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Oil price will average less in 2015 than during financial crisis
[SINGAPORE] Crude oil will likely continue falling before posting only a mild recovery in the second half of this year, a Reuters survey of analysts showed on Friday, with prices set to average even less in 2015 than during the global financial crisis.
The survey of 33 economists and analysts forecast North Sea Brent crude would average US$58.30 a barrel in 2015, down US$15.70 from last month's poll, in the biggest month-on-month forecast revision since prices last collapsed in 2008-2009.
If the forecasts for 2015 prove correct prices will average the lowest since 2005, even if they recover after June, illustrating the impact of Opec's decision to maintain output in the face of fast-growing US shale output.
"It should be a year of differing halves. The likelihood of further near-term fund selling will see Brent trade down to US$42 per barrel and WTI at US$40 per barrel by the end of Q1 2015," ANZ analyst Mark Pervan said.
"The mood will remain cautious for the remainder of the first half of the year, before high-cost US supply discipline starts to emerge in the third quarter," he added.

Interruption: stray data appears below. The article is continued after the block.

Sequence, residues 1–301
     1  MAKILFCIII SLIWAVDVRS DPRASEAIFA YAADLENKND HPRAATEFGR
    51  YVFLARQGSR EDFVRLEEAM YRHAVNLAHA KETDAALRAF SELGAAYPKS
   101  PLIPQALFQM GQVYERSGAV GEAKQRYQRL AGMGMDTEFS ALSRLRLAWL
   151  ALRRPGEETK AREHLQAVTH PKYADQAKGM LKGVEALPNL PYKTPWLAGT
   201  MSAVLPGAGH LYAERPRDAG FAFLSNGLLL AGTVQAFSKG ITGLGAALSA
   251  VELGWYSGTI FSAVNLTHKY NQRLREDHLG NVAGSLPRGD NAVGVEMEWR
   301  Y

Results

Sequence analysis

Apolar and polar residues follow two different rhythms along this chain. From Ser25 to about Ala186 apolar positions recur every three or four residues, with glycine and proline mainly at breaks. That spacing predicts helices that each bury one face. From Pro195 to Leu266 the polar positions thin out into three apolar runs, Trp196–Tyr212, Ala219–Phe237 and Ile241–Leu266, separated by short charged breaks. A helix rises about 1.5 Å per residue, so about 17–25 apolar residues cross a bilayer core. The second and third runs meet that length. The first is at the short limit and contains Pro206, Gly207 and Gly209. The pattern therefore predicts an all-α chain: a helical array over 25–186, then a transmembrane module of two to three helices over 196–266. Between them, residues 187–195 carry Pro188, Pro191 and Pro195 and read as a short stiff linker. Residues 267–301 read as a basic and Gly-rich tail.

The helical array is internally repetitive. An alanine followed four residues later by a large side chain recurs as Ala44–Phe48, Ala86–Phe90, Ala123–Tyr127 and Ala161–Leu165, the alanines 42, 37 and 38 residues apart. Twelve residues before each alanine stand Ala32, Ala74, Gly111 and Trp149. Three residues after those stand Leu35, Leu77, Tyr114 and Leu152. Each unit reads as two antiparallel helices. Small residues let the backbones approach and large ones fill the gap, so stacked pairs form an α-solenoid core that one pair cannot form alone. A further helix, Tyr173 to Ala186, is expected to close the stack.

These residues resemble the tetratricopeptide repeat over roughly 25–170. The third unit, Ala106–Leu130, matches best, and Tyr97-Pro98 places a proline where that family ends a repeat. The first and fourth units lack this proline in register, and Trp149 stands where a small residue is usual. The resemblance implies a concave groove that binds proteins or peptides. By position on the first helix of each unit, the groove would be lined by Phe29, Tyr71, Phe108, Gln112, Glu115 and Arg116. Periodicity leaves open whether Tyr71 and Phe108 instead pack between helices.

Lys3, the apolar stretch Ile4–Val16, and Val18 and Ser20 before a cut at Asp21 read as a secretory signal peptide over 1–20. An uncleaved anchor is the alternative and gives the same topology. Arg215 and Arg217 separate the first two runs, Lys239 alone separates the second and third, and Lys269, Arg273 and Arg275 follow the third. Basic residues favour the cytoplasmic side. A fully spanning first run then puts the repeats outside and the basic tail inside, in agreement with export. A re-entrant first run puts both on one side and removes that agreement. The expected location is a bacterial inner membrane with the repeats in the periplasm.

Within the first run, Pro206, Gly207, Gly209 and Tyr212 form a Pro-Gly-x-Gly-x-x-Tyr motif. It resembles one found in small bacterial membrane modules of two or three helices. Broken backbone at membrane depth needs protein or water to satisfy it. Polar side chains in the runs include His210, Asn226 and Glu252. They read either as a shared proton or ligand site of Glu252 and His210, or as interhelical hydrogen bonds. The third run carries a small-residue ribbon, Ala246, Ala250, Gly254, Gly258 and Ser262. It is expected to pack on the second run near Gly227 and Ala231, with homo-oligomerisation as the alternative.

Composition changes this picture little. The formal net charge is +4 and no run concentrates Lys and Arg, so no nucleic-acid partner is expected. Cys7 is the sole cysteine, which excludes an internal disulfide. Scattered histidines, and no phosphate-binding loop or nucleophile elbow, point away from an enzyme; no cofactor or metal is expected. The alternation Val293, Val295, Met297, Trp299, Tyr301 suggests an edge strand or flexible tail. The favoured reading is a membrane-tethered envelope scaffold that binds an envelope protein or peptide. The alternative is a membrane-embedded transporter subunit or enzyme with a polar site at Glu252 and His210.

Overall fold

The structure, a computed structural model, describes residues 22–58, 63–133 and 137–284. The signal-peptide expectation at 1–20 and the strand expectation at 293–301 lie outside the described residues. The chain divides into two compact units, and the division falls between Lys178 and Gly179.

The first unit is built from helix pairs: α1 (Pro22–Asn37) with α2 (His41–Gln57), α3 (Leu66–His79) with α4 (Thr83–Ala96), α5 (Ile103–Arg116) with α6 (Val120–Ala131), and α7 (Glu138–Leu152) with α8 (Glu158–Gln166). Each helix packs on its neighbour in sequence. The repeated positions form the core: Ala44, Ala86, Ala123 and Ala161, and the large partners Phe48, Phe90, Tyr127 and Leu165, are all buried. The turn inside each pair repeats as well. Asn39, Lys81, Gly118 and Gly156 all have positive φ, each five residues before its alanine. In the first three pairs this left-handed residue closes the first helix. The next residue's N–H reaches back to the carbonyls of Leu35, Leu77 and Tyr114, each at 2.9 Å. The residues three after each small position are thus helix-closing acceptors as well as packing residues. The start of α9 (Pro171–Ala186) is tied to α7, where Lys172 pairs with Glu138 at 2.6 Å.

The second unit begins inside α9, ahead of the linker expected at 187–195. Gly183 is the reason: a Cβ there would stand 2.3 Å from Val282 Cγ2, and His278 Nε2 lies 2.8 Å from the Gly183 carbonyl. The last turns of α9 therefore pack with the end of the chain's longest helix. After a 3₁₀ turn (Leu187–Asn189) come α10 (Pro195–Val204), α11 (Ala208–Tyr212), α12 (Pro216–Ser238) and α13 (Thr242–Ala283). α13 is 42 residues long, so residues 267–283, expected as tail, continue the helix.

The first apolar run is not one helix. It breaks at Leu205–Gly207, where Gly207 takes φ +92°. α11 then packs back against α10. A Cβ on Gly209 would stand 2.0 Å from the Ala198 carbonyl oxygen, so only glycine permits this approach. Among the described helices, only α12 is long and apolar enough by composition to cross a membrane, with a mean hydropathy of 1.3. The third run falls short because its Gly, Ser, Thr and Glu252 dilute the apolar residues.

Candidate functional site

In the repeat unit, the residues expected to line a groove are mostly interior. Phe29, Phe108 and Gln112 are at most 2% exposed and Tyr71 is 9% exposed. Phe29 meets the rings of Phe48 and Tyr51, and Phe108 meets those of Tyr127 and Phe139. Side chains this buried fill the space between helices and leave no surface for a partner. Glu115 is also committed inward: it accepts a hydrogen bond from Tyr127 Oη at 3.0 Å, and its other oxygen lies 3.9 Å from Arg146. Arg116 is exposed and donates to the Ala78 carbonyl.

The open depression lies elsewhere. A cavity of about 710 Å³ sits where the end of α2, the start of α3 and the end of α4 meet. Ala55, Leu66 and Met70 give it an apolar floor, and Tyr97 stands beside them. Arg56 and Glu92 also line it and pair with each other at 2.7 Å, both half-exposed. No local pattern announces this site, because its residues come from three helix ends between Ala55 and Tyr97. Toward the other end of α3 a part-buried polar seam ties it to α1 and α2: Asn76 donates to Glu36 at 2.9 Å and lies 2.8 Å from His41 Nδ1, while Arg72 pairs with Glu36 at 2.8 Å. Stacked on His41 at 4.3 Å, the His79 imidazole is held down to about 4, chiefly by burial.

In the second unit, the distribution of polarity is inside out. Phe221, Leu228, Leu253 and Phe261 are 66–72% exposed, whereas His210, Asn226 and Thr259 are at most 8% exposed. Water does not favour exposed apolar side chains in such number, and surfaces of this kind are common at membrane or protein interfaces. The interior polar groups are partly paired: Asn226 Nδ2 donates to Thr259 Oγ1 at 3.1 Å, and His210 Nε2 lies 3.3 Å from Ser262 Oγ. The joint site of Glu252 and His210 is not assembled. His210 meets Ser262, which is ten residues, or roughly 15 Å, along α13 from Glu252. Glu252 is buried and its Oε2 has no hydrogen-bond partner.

Twenty seven of the 28 analysts who contributed to data for both the December and January Reuters polls have slashed their forecasts. More than half of those lowered their projections by US$15 a barrel or more from last month.
European investment bank Barclays, which has the lowest forecast according to the poll, cut its 2015 price outlook for Brent by almost 40 per cent to US$44 per barrel.
Goldman Sachs, widely-seen as one of the most influential banks in commodity markets, sees WTI hovering around the US$40 per barrel mark for much of the first half of this year. It has slashed its 2015 Brent forecast by US$33.40 to US$50.40 per barrel.
Most of the analysts were in agreement that the Organization of the Petroleum Exporting Countries (Opec) would maintain its stance of not cutting production despite oil prices touching multi-year lows, with any tightening of supplies expected to come from higher-cost producers outside the group.
"Low crude prices negatively affect (US) shale oil profitability," Intesa Sanpaolo analyst Daniela Corsini said. "I expect to see lower rig counts and lower investments over the next months... before the end of the year, shale oil supply should start contracting."
Brent has averaged US$49.57 so far in January, consolidating over the past two weeks after hitting a near six-year low of US$45.19 a barrel on Jan. 13. It was trading around US$48.75 on Thursday.
The poll forecasts US light crude will average US$54.20 a barrel this year and US$64.90 in 2016. WTI has averaged US$47.24 a barrel so far in 2015, hitting a post-2009 low of US$43.58 on Thursday.
Brent's premium to US crude, known as the Brent-WTI spread, is expected to widen to US$4.10 a barrel in 2015 from around US$2.20 so far this year, the poll showed.
That would be the smallest annual Brent-WTI average since 2010. Brent-WTI averaged more than US$12.50 a barrel between 2011-2014 as the shale boom drove the US benchmark to a steep discount to its North Sea rival.